TEHRAN (Press Shia) – The United Nations Security Council unanimously approved the deployment of its observers to Yemen to monitor a fragile truce in the strategic Red Sea port of Hudaydah.
The resolution, submitted by the United Kingdom, was the subject of tough negotiations, and was amended several times before the vote on Friday, Al Jazeera reported.
The resolution also endorsed the results of UN-brokered peace talks in Sweden last week, when Yemen's warring parties agreed to a ceasefire that took effect on Tuesday.
The truce in Hudaydah, a key gateway for aid and food imports in the impoverished nation, was a part of the truce.
The ceasefire between Yemen's Houthi Ansarullah movement and forces loyal to fugitive former president Abd Rabbuh Mansur Hadi is seen as the best chance yet of ending four years of Saudi war on Yemen.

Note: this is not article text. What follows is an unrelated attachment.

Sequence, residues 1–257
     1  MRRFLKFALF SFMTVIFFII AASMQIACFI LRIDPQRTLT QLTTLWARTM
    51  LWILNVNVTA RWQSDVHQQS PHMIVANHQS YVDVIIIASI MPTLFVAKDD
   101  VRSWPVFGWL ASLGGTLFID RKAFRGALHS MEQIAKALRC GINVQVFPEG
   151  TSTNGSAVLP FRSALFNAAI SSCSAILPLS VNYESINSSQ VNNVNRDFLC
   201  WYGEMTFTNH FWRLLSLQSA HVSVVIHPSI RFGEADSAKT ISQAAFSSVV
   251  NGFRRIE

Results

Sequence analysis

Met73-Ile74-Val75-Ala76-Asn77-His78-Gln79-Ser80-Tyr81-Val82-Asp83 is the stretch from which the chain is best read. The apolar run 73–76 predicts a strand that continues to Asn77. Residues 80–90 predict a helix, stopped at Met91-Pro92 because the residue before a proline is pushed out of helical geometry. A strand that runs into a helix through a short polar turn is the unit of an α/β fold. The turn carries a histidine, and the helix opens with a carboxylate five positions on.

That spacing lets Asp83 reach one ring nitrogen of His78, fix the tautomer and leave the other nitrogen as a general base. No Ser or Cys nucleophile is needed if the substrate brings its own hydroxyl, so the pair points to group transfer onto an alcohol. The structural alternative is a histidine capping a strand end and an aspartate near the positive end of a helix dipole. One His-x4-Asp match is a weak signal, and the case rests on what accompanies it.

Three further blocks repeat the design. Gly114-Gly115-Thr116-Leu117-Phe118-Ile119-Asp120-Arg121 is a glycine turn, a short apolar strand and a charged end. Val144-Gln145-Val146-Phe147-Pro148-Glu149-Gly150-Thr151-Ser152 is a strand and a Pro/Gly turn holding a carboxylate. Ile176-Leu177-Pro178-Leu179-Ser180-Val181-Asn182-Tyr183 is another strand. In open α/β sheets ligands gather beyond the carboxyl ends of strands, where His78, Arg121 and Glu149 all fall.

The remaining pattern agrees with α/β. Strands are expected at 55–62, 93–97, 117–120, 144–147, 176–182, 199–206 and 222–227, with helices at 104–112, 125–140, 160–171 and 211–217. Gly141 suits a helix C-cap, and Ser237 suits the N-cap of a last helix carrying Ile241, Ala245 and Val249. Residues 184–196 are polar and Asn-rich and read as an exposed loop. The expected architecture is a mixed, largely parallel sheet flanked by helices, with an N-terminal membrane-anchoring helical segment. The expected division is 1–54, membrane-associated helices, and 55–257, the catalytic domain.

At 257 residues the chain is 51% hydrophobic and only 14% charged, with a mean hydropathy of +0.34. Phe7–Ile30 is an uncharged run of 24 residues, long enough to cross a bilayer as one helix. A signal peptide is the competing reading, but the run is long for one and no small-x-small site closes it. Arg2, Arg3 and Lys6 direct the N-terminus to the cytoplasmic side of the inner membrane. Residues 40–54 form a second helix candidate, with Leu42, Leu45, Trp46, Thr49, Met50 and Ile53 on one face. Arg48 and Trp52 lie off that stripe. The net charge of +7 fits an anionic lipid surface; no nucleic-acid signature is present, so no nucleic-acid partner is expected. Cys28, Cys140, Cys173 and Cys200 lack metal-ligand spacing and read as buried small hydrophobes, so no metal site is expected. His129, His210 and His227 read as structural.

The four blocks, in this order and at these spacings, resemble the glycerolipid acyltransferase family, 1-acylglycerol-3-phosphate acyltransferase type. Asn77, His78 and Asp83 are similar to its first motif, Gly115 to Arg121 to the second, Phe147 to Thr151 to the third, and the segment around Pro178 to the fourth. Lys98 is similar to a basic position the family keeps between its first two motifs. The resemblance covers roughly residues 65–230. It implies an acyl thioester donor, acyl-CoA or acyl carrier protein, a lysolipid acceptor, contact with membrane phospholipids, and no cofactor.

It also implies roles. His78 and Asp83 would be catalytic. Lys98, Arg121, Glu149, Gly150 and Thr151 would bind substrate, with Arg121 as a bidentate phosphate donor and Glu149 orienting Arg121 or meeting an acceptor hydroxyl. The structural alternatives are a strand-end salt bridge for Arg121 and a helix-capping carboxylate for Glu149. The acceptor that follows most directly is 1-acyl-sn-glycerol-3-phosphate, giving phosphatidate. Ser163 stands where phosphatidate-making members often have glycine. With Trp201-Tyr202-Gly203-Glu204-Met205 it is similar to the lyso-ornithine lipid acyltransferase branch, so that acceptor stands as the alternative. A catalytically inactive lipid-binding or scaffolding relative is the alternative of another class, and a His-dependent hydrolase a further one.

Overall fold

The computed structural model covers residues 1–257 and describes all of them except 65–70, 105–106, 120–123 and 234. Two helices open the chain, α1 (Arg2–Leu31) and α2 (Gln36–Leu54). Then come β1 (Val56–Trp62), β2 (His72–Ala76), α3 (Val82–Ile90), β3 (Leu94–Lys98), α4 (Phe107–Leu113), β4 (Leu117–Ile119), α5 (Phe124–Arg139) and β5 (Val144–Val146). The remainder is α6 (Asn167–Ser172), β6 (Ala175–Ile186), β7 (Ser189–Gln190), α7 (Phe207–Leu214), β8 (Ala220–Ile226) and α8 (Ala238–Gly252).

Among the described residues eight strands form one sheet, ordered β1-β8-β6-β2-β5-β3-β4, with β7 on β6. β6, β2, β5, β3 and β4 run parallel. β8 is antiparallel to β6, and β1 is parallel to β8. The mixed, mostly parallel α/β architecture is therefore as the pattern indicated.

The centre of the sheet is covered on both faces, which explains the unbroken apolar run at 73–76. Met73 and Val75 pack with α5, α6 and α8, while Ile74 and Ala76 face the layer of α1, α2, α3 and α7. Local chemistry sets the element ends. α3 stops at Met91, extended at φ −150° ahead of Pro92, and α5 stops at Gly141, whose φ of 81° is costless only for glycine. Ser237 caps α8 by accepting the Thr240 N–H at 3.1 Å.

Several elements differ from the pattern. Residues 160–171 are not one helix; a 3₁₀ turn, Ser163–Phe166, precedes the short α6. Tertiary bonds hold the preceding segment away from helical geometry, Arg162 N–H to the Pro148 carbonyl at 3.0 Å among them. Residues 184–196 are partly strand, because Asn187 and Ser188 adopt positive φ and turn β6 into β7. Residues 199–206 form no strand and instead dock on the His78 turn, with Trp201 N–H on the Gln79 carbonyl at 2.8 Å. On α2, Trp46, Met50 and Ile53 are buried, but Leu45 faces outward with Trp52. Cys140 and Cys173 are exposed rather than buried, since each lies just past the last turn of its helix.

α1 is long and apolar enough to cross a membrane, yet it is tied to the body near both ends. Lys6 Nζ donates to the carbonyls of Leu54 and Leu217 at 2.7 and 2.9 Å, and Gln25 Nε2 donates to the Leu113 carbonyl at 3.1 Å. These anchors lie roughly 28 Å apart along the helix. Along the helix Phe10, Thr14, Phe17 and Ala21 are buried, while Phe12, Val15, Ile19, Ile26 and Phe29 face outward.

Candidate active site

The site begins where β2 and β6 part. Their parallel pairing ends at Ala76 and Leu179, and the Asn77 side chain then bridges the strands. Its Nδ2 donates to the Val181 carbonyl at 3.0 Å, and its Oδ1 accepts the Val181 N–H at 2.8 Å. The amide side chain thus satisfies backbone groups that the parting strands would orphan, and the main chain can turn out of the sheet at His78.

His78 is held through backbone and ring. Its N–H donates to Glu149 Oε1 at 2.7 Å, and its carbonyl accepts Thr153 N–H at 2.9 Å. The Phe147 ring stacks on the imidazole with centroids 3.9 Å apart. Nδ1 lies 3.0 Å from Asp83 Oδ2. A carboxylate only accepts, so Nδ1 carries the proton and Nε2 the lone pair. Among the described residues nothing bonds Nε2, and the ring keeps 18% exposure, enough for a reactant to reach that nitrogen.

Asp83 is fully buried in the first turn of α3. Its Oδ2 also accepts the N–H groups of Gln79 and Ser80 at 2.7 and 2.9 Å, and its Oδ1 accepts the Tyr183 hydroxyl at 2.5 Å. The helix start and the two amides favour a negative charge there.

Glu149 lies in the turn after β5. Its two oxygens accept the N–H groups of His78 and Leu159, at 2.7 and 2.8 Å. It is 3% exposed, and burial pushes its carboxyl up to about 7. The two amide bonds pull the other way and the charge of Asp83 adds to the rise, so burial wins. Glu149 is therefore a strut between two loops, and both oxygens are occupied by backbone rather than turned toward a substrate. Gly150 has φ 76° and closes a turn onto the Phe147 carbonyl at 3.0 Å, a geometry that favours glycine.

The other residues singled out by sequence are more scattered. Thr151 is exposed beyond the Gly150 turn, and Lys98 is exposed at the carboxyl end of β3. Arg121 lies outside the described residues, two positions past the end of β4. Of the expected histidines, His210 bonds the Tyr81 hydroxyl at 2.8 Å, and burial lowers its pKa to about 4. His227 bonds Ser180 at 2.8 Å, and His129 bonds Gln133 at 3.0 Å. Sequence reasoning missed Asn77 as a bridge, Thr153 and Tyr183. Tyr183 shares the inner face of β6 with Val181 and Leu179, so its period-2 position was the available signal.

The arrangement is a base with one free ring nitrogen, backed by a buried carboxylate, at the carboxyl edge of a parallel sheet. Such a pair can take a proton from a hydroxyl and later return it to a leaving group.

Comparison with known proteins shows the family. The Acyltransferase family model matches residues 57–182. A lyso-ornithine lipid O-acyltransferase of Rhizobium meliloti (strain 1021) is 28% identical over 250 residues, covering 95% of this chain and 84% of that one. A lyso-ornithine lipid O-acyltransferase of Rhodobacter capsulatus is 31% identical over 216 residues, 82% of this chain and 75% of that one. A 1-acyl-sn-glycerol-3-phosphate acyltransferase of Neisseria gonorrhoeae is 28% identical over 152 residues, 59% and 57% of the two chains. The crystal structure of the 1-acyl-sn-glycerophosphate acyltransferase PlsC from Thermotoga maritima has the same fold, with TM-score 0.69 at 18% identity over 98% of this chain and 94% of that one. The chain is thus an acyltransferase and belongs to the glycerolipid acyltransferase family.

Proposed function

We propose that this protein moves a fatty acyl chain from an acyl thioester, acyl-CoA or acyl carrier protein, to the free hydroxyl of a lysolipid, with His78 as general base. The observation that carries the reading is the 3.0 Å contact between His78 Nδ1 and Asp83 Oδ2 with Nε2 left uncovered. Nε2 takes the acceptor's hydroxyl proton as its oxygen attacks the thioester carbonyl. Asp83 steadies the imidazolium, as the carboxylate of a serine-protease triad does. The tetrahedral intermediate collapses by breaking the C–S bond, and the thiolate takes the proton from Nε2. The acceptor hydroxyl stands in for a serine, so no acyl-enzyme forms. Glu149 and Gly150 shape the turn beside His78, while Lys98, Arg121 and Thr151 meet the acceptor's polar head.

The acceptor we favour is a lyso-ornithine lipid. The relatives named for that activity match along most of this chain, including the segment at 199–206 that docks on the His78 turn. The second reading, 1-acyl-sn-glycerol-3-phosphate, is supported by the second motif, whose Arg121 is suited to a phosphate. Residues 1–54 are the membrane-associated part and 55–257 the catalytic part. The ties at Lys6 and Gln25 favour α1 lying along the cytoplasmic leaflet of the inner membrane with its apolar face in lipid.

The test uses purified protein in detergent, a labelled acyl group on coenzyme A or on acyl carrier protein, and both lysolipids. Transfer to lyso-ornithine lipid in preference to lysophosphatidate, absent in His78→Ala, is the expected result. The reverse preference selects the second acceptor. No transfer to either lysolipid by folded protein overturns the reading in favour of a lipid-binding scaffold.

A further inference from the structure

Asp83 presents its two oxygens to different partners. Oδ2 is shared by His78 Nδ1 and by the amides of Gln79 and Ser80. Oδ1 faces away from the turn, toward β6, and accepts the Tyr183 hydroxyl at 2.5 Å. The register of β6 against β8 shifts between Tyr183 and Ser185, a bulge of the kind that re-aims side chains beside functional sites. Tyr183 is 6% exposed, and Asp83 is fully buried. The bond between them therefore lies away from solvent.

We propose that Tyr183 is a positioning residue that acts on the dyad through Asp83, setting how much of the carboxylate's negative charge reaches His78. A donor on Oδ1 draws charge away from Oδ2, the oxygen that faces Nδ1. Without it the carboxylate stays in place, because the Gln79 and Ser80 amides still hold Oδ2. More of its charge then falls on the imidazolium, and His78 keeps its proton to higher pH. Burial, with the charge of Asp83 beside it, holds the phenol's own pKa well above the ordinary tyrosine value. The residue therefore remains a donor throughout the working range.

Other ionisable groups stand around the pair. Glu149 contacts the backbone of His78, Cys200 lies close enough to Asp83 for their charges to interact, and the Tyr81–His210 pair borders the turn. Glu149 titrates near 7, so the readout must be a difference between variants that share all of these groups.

The agreement also included a planned prisoner swap involving some 15,000 detainees.
After Friday's meeting, Karen Pierce, Britain's ambassador to the UN, said UN ceasefire monitors were needed in Hudaydah urgently and a core group of them would be dispatched to Yemen within days.
In a second phase, Guterres would have one month to determine the full size and scope of the mission and how it will ensure troops vacate the city and port, Pierce said.
Guterres "is going to deploy an advance team first and that team will go in the next few days", said Pierce. "He needs to get people there quickly and therefore the Security Council has been willing to authorize for 30 days an advance team."
Later, the UN chief will "submit plans for a larger monitoring mission", she added.
French ambassador Francois Delattre said the unanimous vote sent a "strong signal of the council's unity and engagement" on Yemen, and that it had put its weight behind the UN-brokered talks.
Diplomats said the UN observer mission could consist of 30 to 40 people, tasked with ensuring the withdrawal of the warring parties from Hudaydah and the safe passage of humanitarian aid.
The observers will head up monitoring teams made up of Houthi and pro-Hadi representatives, under the auspices of a Redeployment Coordination Committee headed by Cammaert.